Workers’ Compensation Benefits Benefits received under the Workers’ Compensation laws are not taxed by Montana. If you reported taxable Workers’ Compensation benefits in your Federal Adjusted Gross Income, enter the amount of these benefits on this line.

Certain Health Insurance Premiums Taxed to Employee If you are a shareholder in an S Corporation, subtract the cost of your health insurance premiums to the extent they are included in your Federal Adjusted Gross Income.

Student Loan Repayments Taxed to a Health Care Professional If you are a health care professional licensed in Montana, you can exclude from your Federal Adjusted Gross Income up to $5,000 of any health-related student educational loan repayments that are paid on your behalf when this repayment is included in your Federal Adjusted Gross Income.

To qualify for this exclusion, you must be a health care professional who:

● is licensed in Montana;

● participates in a federal, state or qualified private loan repayment program (these repayment programs are generally through the U.S. Department of Health and Human Services and its Nursing Education Loan Repayment Program, the Montana Rural Physician Incentive Program, or a qualified private program with a licensed health care facility in Montana); and

● serves a significant portion of a designated geographic area, a special population, or a facility population in a federally designated Health Professional Shortage Area (HPSA), a Medically Underserved Area (MUA), or a Medically Underserved Population (MUP). You can determine if you are serving in an area listed above by contacting your employer or the Montana Department of Public Health and Human Services Primary Care Office at (406) 444-3934 or go to dphhs.mt.gov.

Military Salary of Active Duty Service Person If you are receiving military compensation as a member of the regular U.S. Armed Forces on active duty, or as a member of the National Guard under Title 10 USC orders, and this compensation is included in your Federal Adjusted Gross Income, you can use this line to subtract your basic, special and incentive pay from your Federal Adjusted Gross Income.

If you receive wages under the Combat Zone Exclusion that are not included in your Form W-2, Box 1, it will not be included in your Federal Adjusted Gross Income, so do not subtract that pay again. Do not include this amount on this line. However, if you are a commissioned officer who could not exclude all your wages received under the Combat Zone Exclusion because it exceeded the highest rate of enlisted pay for each part of the month you served in a combat zone or because you were hospitalized as a result of your service there, you may include the additional combat pay that was included in your Federal Adjusted Gross Income on this line.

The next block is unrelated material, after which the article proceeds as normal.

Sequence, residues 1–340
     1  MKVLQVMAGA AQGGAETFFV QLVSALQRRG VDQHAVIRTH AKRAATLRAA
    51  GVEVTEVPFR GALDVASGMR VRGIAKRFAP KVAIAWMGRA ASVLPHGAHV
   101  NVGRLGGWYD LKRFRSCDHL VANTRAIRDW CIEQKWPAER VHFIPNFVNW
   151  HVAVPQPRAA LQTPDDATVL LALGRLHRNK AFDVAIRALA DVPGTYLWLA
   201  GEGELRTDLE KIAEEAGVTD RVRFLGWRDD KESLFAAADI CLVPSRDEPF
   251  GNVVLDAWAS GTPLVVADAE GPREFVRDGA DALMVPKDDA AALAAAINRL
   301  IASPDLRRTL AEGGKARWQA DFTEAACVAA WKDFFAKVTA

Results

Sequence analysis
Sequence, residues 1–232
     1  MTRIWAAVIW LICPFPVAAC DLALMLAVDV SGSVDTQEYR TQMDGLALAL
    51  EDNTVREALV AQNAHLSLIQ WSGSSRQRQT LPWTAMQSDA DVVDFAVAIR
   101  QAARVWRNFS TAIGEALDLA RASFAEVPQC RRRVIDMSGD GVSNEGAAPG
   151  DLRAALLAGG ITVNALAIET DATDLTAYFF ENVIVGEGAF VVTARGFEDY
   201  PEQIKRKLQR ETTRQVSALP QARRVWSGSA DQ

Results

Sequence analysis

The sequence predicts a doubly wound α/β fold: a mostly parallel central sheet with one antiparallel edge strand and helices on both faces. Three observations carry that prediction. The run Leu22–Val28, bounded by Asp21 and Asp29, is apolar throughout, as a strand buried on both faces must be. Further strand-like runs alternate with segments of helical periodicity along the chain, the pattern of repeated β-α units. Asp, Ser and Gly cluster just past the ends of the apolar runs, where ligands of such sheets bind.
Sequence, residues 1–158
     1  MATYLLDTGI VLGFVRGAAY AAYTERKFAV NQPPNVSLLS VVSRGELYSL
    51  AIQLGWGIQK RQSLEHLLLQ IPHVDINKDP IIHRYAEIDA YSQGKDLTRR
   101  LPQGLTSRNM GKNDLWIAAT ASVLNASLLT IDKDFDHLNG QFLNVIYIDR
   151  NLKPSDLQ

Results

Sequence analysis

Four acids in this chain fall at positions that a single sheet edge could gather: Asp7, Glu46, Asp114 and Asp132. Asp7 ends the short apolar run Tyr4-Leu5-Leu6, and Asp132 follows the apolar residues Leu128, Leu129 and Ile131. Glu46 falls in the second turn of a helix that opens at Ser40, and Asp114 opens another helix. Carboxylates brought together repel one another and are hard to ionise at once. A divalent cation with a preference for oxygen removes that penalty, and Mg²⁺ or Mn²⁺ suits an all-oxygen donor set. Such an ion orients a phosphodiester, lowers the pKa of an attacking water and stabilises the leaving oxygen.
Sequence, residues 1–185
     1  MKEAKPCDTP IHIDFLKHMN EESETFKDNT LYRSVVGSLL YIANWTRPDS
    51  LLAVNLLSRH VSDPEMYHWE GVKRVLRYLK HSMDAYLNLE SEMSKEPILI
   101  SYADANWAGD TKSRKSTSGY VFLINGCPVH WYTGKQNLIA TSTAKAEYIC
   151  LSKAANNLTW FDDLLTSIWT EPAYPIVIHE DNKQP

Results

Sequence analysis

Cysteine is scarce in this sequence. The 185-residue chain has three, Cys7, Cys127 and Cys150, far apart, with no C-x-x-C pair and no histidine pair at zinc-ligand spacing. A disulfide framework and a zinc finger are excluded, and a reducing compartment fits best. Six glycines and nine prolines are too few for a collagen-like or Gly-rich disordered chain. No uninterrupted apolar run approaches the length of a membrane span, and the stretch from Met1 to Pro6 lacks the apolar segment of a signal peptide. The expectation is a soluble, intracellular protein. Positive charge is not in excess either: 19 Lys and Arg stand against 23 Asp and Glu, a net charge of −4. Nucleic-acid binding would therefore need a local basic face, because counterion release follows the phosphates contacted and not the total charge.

If you are a Reserve member, include on this line the salaries you received when on active duty in the regular armed forces. Compensation received when completing your annual training and inactive duty trainings is not deductible and must not be included on this line.

If you are a member of the National Guard, you can add to this line your compensation received under Title 10 orders, or as part of a homeland defense activity as defined in 32 USC 901, or as part of a contingency operation as defined in 10 USC 101. Compensation received for completing your annual training, inactive duty trainings, or when you engaged in “active Guard and Reserve duty” as defined in 10 USC 101, is not deductible and must not be included on this line.

Do not add any retirement, retainer, equivalent pay or allowances on this line.

If you claim this exemption, include verification of your military status (such as your military orders) with your income tax return. Contact the department or visit revenue.mt.gov for more information.

Life Insurance Premiums Reimbursement or Death Benefits for National Guard and Reservist If you are a Montana National Guard member or Reservist who is serving on active duty in a contingency operation and you were reimbursed by the U.S. Department of Defense for the life insurance premiums that you paid for benefits under the service members’ group life insurance program, you do not have to add the Department of Defense reimbursement when you figure your Montana tax. To the extent this federal reimbursement is taxable to you for federal and Montana income tax purposes, it has already been included in your Federal Adjusted Gross Income.

An adjustment to your Federal Adjusted Gross Income is needed if you also received a premium reimbursement from the Montana Department of Military Affairs for additional life insurance premiums you paid (up to $17.50 a month). The Montana reimbursement is taxable income for federal income tax purposes but it is exempt for Montana income tax purposes, so you can deduct these reimbursements from your Federal Adjusted Gross Income in arriving at your Montana Adjusted Gross Income.

If you received a death benefit payment from the Montana Department of Military Affairs because you are the survivor of a member of the National Guard who died while on state active duty orders, and this death benefit is included in your Federal Adjusted Gross Income, that amount is exempt from state taxes in Montana and you can subtract it here.

 

 

 

 

 

 

 

 

 

 

 

 

 


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Article Details
Views: 581 Created on: Jun 15, 2013
Date updated: Jan 02, 2019
Posted in: States, Montana